More Than The Rainbow


Here is something that doesn’t happen nearly as often in documentaries as it does in narrative films: a supporting character steals the show. Billed as “part character study and part meditation on photography,” More Than The Rainbow does a better job in presenting the latter than the former.

Or maybe it does a fine job at character study too, but I just don’t find the main character that interesting. That would be Matt Weber, a fast walking, fast talking, New York loving shutterbug who claims that a colleague shoots one hundred rolls of film per day to get just the right image and apparently thinks that is what makes him (and the practice of “street” photography) so great.

My problem is not with Weber’s work, which I (as a neophyte when it comes to appreciating photography) find interesting enough, but with the way Weber talks about his work. At times Weber makes photography sound like the intersection of volume and chance. Click enough photos every day and some of them will be good.  His comments also tend to be repetitive, though it is hard to tell how much of that is a result of the film’s editing and how much is attributable to Weber himself.

The real stars of the film, for me, were  the other photographers. Ralph Gibson enters with a slow, clipped cadence that is almost the exact counterpoint of Weber’s.  Eric Kroll calls Matt’s work superficial. One thing I value in photography and other visual arts is the ability to reward extended or repeated viewing. I don’t know–I can’t really know on a first viewing–if the naysayers are right and that most of Weber’s work can be exhausted too quickly and too easily.  I do know that Gibson, Kroll, and Ben Lifson were speaking my language. And when one of them gets down to specifics, most notably in discussing a Weber photograph with Van Gogh portraits superimposed over the photo of a homeless man, I found myself nodding in agreement with his analysis.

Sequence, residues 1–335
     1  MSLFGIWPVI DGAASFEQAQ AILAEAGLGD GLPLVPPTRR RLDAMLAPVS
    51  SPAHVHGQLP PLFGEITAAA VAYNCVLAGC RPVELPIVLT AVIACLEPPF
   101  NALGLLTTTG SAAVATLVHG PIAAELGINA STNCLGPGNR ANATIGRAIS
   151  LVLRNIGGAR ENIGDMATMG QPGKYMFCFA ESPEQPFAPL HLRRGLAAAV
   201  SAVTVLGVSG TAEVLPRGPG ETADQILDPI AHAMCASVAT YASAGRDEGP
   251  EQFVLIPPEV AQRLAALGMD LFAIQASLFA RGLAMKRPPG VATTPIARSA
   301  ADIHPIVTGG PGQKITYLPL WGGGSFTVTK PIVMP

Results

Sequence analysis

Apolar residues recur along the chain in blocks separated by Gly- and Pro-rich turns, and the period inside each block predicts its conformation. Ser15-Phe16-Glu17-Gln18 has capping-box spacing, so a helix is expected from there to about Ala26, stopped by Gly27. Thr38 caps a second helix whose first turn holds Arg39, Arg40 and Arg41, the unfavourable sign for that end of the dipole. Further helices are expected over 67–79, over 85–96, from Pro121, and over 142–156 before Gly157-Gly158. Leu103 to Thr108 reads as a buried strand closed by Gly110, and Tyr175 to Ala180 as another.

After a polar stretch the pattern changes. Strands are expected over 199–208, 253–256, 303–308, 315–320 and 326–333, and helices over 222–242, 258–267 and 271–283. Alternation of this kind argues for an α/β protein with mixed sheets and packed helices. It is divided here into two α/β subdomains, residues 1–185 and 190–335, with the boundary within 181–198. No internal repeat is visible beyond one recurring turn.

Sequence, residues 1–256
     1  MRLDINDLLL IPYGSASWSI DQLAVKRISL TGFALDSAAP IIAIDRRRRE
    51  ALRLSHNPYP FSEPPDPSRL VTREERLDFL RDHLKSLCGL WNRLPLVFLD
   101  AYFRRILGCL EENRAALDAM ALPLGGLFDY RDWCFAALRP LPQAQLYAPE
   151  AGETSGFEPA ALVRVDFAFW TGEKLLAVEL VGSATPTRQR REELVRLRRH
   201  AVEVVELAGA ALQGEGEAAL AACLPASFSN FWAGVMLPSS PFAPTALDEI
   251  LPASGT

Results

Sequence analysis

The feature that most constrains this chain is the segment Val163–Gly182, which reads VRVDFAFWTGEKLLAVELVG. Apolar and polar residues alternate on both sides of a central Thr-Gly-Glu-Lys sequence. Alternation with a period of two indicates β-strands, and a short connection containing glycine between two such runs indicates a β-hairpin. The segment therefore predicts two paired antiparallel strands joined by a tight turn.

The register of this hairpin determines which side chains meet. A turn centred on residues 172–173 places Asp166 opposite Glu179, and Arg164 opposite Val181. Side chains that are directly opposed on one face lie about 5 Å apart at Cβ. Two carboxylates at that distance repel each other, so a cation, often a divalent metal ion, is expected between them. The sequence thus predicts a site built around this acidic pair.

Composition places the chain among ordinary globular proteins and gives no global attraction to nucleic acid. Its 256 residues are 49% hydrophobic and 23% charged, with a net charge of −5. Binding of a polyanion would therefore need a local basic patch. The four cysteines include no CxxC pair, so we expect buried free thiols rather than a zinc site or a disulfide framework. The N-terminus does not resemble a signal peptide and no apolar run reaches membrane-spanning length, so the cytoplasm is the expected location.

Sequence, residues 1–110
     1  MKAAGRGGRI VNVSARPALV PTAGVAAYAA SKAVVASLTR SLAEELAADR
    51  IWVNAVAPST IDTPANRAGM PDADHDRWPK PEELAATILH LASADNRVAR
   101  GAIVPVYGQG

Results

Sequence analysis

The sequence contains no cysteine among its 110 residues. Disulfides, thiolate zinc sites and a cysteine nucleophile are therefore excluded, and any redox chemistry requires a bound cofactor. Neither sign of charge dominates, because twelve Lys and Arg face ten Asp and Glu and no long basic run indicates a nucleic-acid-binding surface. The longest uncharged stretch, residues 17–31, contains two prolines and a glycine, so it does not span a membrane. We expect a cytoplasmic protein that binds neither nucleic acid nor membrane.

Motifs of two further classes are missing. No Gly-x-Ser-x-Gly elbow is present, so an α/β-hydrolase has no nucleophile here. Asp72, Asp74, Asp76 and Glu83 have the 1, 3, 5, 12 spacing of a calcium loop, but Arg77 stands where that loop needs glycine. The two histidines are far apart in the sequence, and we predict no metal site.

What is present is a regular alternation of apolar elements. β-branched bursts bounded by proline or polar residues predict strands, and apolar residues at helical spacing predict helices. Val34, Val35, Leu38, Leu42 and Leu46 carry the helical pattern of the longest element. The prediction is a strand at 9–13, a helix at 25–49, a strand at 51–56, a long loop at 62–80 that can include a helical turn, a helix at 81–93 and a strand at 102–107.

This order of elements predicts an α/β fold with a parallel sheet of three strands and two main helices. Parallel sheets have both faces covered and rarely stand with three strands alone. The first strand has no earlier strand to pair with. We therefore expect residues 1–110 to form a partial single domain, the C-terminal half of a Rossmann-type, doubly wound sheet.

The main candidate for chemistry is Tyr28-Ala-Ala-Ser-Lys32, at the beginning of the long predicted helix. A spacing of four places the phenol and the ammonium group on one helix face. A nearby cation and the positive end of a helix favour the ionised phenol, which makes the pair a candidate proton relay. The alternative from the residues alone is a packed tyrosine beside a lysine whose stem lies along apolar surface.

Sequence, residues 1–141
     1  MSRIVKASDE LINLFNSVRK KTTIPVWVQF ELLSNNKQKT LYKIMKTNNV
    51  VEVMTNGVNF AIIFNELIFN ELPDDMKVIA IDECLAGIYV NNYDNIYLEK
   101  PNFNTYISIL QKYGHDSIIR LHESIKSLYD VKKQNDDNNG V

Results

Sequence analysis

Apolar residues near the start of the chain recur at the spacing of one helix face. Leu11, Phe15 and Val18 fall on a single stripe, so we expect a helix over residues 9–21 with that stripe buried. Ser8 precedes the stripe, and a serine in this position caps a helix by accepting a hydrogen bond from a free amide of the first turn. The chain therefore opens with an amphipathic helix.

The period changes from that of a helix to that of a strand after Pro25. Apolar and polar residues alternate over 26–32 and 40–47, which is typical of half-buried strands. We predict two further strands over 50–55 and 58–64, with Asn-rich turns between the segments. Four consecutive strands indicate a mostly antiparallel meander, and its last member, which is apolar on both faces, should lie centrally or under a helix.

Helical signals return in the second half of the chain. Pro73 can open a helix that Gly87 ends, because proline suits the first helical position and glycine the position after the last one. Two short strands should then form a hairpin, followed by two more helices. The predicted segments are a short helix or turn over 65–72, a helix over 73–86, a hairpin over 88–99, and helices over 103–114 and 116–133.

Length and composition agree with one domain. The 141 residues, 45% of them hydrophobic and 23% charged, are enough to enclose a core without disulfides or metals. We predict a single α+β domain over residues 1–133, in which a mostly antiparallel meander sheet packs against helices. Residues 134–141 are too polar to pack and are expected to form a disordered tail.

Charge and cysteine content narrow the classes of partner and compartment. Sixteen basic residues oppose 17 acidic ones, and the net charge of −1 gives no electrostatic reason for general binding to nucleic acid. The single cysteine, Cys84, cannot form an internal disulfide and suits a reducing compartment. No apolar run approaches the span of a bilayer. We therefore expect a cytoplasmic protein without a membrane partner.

That said, my glass-half-full argument on the film’s behalf is that any exhibition is educational and worth viewing if given the opportunity to move through it with an effective critic/teacher willing to give a few introductory lessons on how to process what you are looking at. Anyone can say ‘x’ is better than ‘y.’ The harder task is to explain that judgement in such a way that both the novice and the expert can follow your line of argument and be persuaded.

At one point Gibson Lifson opines that the problem with most color photography is that it is really black and white photography taken with color equipment. He goes against the prevailing wisdom that I have always heard by saying that color photography is actually harder than black and white because there are more factors for the artist to consider in balancing the composition. I was grateful for Gibson’s inclusion that other photographers were included, but I wasn’t sure what to make of them. Did it signal that director Dan Wechsler sensed, as I did, that the film needed something more? That Weber’s voice alone for eighty minutes was too monotone? If so, why not stay with Gibson, make him the centerpiece  make it more of a round table? If not, What does it say about the film that its centerpiece was the least interesting artist in it?

 More Than The Rainbow opens on May 2 at Quad Cinemas in New York City and will be available on DVD through First Run Features.

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